Contractor Amey is testing the EksoVest during work for Transport Scotland. The EksoVest is a 4.3kg external metal frame that mirrors elements of the human skeletal structure. It is powered by a series of springs and supports workers’ arms to assist them with tasks ranging from chest height to overhead. It provides between 2.2kg and 6.8kg of lift assistance per arm, making it easier to lift objects.
Operatives have been wearing the vest to carry out a range of tasks including overhead grinding and welding to repair joints in the Forth Road Bridge, installing underdeck access, installing streetlighting and laying out and removing traffic management.
“Integrating technology into everyday tasks to reduce the risk of on-the-job injuries to my operatives, is the driving force behind trialling the EskoVest,” said Mark Arndt, operating company representative for Amey’s Forth Bridges Unit. “The motorised skeletal vest not only has the capability to physically enhance the safety of our people, but it aims to lessen fatigue which will lead to an increase in productivity and a reduction in sickness absence.”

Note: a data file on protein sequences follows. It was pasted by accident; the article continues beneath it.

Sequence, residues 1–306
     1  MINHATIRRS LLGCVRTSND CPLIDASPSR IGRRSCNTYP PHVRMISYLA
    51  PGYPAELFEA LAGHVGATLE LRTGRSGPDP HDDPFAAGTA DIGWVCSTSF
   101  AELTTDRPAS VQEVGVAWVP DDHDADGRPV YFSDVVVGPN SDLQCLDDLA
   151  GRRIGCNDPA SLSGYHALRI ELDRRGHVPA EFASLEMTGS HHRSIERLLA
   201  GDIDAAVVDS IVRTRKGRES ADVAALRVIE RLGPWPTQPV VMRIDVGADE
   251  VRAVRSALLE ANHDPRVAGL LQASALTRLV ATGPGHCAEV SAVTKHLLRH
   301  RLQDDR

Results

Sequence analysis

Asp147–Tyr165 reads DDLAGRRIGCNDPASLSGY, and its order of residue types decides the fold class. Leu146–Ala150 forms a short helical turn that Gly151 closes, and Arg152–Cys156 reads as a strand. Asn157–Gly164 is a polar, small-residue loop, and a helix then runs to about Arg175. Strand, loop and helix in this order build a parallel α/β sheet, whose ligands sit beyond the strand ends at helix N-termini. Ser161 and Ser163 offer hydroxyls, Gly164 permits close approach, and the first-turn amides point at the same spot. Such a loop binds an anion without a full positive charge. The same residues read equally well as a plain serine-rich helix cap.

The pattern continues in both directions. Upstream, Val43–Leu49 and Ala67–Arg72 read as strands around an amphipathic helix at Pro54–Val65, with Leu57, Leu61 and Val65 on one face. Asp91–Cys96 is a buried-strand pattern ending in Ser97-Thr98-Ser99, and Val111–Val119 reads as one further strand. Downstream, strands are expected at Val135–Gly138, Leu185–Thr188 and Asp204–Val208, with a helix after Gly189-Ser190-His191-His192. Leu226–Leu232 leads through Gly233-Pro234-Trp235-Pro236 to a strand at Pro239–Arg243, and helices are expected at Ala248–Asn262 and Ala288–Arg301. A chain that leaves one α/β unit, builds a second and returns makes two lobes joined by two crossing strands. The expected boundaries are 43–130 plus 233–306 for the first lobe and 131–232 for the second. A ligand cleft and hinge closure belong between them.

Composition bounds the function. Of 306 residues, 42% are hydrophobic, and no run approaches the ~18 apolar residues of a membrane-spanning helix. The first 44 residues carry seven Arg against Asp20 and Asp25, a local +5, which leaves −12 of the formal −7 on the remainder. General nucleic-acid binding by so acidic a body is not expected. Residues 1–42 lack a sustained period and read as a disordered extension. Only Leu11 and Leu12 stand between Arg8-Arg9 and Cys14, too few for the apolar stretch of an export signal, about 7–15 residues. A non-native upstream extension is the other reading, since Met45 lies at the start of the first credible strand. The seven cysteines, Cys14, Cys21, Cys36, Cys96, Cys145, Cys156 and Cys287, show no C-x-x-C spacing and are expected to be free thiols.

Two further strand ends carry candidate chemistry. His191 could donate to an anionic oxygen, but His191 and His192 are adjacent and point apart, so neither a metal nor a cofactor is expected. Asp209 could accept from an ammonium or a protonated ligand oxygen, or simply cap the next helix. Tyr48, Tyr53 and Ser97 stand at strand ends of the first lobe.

One of the employees who has trialled the EksoVest is Blair Masterton, a rigger at the Forth Road Bridge. He said: “This is definitely a good piece of kit in the right work situation. It’s easy to put on and there is a slight assist when lifting staging boards and other heavy items., It feels a bit tight and can get in the way when wearing a harness, but this trial should hopefully help to identify areas where improvements can be made.”
Kenny Horn, a welder/fabricator at the Forth Road Bridge, added: “I found the EksoVest to be helpful when grinding above head height, although I eventually did get pins and needles in my arms after using it for a prolonged period!”